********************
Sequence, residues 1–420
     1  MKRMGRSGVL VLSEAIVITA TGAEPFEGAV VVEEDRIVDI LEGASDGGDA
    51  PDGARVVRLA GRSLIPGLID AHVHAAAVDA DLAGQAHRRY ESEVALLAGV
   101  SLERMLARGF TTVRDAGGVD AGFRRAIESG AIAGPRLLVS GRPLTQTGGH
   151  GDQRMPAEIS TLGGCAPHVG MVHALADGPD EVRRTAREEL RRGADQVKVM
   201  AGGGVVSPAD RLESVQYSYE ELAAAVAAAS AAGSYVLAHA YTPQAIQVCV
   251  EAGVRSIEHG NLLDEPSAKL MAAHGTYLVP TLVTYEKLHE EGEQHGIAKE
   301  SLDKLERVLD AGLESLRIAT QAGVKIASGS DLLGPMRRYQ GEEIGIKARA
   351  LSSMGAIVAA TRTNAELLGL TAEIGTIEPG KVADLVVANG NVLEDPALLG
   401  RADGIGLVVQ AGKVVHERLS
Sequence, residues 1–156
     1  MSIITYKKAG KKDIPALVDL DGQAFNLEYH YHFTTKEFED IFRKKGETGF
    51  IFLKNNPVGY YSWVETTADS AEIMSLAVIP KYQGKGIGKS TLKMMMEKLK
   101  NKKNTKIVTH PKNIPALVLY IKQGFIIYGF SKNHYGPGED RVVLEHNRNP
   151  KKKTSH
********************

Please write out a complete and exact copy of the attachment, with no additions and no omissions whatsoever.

Sequence, residues 1–420
     1  MKRMGRSGVL VLSEAIVITA TGAEPFEGAV VVEEDRIVDI LEGASDGGDA
    51  PDGARVVRLA GRSLIPGLID AHVHAAAVDA DLAGQAHRRY ESEVALLAGV
   101  SLERMLARGF TTVRDAGGVD AGFRRAIESG AIAGPRLLVS GRPLTQTGGH
   151  GDQRMPAEIS TLGGCAPHVG MVHALADGPD EVRRTAREEL RRGADQVKVM
   201  AGGGVVSPAD RLESVQYSYE ELAAAVAAAS AAGSYVLAHA YTPQAIQVCV
   251  EAGVRSIEHG NLLDEPSAKL MAAHGTYLVP TLVTYEKLHE EGEQHGIAKE
   301  SLDKLERVLD AGLESLRIAT QAGVKIASGS DLLGPMRRYQ GEEIGIKARA
   351  LSSMGAIVAA TRTNAELLGL TAEIGTIEPG KVADLVVANG NVLEDPALLG
   401  RADGIGLVVQ AGKVVHERLS
Sequence, residues 1–156
     1  MSIITYKKAG KKDIPALVDL DGQAFNLEYH YHFTTKEFED IFRKKGETGF
    51  IFLKNNPVGY YSWVETTADS AEIMSLAVIP KYQGKGIGKS TLKMMMEKLK
   101  NKKNTKIVTH PKNIPALVLY IKQGFIIYGF SKNHYGPGED RVVLEHNRNP
   151  KKKTSH